Wondrous strange Latvian pavilion open at Venice Biennale

The Latvian pavilion at the 60th international art exhibition of the Venice Biennale was opened this week.

The pavilion contains an exhibition by artist Amanda Ziemele with the catchy title "O day and night, but this is wondrous strange... and therefore as a stranger give it welcome" – a well-known quotation from Shakespeare's 'Hamlet'.

In purest contemporary artspeak, the exhibition is described thus:

"As if a cloud has fallen dramatically, a victim of excessive ambition just like the tragic Icarus (his wings are the ruins of the Proustian landscape of memories); a petal lost in the corner of the room, which becomes a refuge in times of turmoil and uncertainty; feelings that are never forgotten; a stranger, soon a lover; a longed-for rebirth or a dirty defeat, the lure of loss... This is Amanda Ziemele's redefined painting as a gorgeous spatial extravagance of irregular geometry and organic volumes. A space of imagined encounters and broken memories, which actively develops and unfolds in an uncontrolled rhythm and tension, it orchestrates a form-making ritual, a celebration of cosmic multidimensionality, staged within the narrow four walls of historical heritage."

Opening f Latvian pavilion at Venice Bienalle
Opening f Latvian pavilion at Venice Bienalle

Publicity photos show several jolly-looking large forms in various colors in a white room.

Curator Adams Budaks breathlessly explains the ensemble:

"Eight figures with heightened identities and monochrome surfaces/faces - an army of objects in a vortex of corporeal mise-en-abîme - stoically calm, yet passionately stage a scene in the genre of a group portrait... Amanda Ziemele's project is liberating: breaking out of the spatial discipline imposed by preconceived notions, the viewer enters an illusory hybrid zone where generosity and comfort, care and vulnerability reign - and which is made up of haptic forms arranged in scattered, crumbling structures. Shells and nests, shadows and echoes, support structures entangled in fruitless dialogues – the ambiguity of sublimity, between beauty and danger; a mysterious supernaturalism, at once abstract and so familiar. The violations are visible: defying gravity, the forms levitate – simultaneously with joy and despair. Hospitality is an essential act beyond the threshold of possibility - a paradox. Converging absence and presence, daylight is an instrument that invites the viewer to take a journey through a world in which confusion reigns, in which nothing has a measure - through a displaced universe of mutual hospitality, through a crookedly complicated space where the different is a precious commodity. It is Amanda Ziemele's version of a mature space – a contraphantasmagoria, a resistance to exhaustion and fatigue, a space with attitude, ready to think and take in the unusual world of modern society. In the end, what Amanda Ziemele's project offers us is healing - the need for healing."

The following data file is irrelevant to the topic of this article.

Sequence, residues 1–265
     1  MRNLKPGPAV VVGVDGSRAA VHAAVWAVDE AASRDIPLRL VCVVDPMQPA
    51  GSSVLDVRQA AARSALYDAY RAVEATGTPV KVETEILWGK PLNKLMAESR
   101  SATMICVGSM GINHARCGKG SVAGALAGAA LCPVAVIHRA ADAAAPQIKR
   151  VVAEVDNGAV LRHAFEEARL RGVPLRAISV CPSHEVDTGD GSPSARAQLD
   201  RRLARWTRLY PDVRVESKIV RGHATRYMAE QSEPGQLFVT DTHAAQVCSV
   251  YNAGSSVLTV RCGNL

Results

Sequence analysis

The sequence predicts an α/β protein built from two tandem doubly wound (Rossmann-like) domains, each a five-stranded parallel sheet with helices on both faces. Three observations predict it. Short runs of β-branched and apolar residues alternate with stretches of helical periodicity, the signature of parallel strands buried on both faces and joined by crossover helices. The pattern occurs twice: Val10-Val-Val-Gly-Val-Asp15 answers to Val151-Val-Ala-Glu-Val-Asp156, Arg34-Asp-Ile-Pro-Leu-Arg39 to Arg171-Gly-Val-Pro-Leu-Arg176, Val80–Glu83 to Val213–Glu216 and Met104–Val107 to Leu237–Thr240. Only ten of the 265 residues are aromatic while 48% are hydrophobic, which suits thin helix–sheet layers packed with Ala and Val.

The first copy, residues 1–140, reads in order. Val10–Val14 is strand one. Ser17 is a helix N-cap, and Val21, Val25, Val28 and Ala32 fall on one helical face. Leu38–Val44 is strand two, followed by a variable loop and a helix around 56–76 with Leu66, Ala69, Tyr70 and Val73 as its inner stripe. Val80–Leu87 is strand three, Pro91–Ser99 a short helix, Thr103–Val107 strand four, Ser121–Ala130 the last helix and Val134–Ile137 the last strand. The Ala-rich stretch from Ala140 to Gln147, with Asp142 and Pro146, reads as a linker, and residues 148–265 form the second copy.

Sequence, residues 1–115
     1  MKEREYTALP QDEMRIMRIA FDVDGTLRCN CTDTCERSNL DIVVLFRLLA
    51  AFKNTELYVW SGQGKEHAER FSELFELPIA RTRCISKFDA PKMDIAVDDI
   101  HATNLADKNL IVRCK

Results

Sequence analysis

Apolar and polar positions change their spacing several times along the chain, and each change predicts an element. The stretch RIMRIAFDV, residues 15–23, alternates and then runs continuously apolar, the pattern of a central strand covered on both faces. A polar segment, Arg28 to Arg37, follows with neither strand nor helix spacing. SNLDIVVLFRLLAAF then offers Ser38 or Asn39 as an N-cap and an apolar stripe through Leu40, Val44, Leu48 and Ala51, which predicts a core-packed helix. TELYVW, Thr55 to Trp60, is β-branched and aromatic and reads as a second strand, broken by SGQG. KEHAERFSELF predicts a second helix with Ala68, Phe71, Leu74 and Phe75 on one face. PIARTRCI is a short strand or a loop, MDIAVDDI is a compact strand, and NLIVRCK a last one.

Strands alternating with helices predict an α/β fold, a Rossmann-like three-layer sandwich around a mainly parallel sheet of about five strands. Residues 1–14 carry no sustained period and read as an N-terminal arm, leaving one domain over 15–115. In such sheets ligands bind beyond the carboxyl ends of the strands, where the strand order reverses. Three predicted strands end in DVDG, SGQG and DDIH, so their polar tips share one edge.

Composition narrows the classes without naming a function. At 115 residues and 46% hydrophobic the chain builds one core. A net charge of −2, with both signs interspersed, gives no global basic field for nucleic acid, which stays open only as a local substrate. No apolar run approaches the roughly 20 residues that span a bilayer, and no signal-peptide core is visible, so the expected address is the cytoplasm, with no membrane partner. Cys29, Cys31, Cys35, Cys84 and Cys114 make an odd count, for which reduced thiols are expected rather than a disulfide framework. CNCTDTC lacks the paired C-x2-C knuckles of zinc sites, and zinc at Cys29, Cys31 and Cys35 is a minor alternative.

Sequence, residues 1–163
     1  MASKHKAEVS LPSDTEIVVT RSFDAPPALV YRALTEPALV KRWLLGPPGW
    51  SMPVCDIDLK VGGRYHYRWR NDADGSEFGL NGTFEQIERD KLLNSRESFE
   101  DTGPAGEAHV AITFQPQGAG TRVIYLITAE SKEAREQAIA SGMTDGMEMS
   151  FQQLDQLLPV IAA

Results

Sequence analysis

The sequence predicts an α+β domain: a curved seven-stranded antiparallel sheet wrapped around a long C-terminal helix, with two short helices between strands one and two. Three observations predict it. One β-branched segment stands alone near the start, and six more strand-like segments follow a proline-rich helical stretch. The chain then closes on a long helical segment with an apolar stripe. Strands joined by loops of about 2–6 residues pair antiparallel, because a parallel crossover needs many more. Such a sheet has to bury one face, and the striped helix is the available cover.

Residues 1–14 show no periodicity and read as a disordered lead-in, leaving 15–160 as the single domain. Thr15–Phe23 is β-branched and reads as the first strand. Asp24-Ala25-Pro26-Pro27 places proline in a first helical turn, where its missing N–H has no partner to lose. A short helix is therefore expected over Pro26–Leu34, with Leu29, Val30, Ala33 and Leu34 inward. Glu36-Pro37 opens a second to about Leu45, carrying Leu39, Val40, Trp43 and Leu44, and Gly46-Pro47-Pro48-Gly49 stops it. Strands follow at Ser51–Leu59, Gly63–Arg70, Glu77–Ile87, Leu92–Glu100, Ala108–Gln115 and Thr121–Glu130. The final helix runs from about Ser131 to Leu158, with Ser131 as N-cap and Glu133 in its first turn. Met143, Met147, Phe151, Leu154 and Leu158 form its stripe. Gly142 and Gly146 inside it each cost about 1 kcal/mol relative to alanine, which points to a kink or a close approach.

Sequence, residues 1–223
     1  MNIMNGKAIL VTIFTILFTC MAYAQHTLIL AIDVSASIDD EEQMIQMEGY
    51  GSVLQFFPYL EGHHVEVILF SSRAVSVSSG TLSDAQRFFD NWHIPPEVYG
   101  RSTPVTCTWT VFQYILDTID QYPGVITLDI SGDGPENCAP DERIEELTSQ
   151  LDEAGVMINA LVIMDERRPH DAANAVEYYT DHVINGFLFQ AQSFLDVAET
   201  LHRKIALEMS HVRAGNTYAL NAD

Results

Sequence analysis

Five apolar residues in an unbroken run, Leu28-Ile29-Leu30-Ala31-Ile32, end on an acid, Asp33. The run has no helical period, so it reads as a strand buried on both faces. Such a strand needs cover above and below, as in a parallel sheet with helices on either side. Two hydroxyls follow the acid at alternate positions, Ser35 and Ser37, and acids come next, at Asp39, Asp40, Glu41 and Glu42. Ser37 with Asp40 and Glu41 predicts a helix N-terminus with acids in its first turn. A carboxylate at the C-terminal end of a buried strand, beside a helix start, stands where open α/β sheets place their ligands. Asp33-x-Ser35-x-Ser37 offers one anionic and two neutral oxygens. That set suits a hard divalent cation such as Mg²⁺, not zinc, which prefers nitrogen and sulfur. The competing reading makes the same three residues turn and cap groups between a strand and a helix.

Minister of Culture Agnese Logina was present at the opening of the pavilion in the Arsenal in Venice and laid on some metaphysical verbiage of her own: "The objects in the exhibition are interconnected, similar to organic beings that have reached a state of cooperation. In this space, they bring together a holistic unit, reminding us how dear our society is to the values ​​of community, support, and togetherness, especially in these difficult times" – a description to which the whole Cabinet of Ministers might well aspire. 

The 60th International Art Exhibition of the Venice Biennale entitled “Foreigners Everywhere” (exhibition curator: Adriano Pedrosa) will be open to visitors from April 20 to November 24, 2024. You can find out more about the Latvian pavilion at: www.latvianpavilion.lv

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